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Yoshitoshi Mori was a Japanese artists who specialized in kappazuri stencil prints. For many years he belonged to the mingei folk craft movement, where he produced stencil-dyed textiles and other textile arts. It was not until the 1950s that Mori began to work with paper, yet he quickly became known as one of the foremost artists of the sosaku hanga movement. Yoshitoshi Mori is said to have influenced several major 20th century print artists, including Shiko Munakata and Hiromitsu Takahashi.
Mori's prints depict the past world of Tokyo's plebeian lowlands, the so-called Shitamachi, with its festivals, craftsmen and women of the demimonde. The mainstay of his great talent lies in his ability to not merely capture detail, but to boldly evoke emotions through his highly stylized designs.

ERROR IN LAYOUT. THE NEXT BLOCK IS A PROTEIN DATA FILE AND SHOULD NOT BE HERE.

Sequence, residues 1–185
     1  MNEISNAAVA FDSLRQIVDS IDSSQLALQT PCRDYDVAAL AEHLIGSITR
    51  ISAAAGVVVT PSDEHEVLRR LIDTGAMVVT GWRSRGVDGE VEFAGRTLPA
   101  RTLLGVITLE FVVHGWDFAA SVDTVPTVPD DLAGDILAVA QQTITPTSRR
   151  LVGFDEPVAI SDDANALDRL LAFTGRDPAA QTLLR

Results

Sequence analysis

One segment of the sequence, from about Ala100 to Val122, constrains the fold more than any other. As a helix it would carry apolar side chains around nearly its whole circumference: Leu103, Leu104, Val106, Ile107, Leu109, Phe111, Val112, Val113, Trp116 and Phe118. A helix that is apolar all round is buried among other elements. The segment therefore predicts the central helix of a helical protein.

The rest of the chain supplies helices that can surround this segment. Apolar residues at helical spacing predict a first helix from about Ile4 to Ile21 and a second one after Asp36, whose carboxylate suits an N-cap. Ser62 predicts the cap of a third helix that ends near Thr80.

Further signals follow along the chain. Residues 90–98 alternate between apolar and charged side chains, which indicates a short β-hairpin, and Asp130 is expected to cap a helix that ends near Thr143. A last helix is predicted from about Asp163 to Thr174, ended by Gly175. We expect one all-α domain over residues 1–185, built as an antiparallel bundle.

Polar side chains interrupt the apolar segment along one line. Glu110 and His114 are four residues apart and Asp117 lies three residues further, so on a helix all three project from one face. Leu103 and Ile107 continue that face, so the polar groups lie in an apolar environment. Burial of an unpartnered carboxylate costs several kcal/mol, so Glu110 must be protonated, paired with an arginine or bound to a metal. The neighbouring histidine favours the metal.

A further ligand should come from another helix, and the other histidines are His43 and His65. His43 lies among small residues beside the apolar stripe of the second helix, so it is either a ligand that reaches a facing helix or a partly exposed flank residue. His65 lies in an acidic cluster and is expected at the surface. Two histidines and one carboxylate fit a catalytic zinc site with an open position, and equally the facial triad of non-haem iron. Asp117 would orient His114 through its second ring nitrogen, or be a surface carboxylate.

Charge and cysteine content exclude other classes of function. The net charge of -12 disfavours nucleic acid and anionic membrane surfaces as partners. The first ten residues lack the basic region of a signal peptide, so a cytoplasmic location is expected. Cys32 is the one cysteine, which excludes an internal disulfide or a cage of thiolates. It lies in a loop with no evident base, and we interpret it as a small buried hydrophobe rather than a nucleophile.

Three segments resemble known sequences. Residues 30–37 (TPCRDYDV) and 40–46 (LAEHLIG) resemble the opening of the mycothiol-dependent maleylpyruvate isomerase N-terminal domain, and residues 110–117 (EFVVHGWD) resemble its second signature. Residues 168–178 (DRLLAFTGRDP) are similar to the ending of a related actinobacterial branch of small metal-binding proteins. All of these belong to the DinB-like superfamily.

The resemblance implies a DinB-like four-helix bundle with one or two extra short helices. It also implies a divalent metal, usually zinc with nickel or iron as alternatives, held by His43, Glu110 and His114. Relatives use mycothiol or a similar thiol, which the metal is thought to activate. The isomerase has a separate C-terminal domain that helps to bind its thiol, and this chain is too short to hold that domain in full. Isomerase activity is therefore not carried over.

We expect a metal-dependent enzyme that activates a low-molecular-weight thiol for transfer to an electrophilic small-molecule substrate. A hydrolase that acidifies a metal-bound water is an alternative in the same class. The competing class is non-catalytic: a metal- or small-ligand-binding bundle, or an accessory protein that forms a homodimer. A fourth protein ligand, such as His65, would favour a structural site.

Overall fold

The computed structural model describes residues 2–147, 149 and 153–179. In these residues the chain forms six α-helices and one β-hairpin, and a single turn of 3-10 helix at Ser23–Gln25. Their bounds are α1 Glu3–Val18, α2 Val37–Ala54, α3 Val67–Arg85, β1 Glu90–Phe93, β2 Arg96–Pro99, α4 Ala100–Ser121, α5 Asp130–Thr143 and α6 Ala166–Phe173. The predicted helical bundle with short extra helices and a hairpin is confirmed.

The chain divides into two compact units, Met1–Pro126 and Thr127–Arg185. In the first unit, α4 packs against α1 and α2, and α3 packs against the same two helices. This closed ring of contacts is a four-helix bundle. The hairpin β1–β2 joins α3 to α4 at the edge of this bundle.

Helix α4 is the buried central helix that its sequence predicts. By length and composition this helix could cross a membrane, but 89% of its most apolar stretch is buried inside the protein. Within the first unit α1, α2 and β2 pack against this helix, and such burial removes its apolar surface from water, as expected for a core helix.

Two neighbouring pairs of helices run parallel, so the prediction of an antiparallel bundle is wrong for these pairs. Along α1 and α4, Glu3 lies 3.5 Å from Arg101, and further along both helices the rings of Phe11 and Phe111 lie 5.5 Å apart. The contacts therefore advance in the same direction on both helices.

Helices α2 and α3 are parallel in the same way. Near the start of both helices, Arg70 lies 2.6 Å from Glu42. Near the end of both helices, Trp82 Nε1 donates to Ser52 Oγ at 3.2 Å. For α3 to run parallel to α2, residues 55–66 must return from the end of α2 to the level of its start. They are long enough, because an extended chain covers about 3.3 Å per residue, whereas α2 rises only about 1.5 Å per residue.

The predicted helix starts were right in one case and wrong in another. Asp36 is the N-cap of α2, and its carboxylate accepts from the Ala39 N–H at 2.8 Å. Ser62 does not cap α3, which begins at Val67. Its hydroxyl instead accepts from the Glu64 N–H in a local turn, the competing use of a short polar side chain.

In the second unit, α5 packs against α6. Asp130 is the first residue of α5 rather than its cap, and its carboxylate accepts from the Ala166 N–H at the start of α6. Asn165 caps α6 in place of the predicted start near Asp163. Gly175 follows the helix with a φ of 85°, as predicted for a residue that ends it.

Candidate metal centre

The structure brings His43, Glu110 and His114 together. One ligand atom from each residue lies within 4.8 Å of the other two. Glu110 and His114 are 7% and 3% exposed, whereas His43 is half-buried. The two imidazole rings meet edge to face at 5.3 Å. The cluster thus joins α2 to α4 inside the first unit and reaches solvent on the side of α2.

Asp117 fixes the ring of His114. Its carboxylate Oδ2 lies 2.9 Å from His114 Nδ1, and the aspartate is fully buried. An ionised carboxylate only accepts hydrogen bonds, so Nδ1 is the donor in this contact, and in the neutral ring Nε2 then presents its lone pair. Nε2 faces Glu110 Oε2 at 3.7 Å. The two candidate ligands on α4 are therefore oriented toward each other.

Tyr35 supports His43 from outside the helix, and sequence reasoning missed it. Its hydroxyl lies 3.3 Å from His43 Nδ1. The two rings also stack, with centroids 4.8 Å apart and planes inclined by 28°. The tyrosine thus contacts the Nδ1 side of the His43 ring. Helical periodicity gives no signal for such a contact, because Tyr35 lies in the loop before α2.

Mori exhibited his works in numerous one-man shows in Japan in the 1960s and took part in 30 international exhibitions between 1957 and 1977. Within the United States his work can be found in the permanent collections of the Art Institute of Chicago, Los Angeles County Museum of Art, Museum of Fine Arts in Boston, and the Museum of Modern Art in New York to name only a few.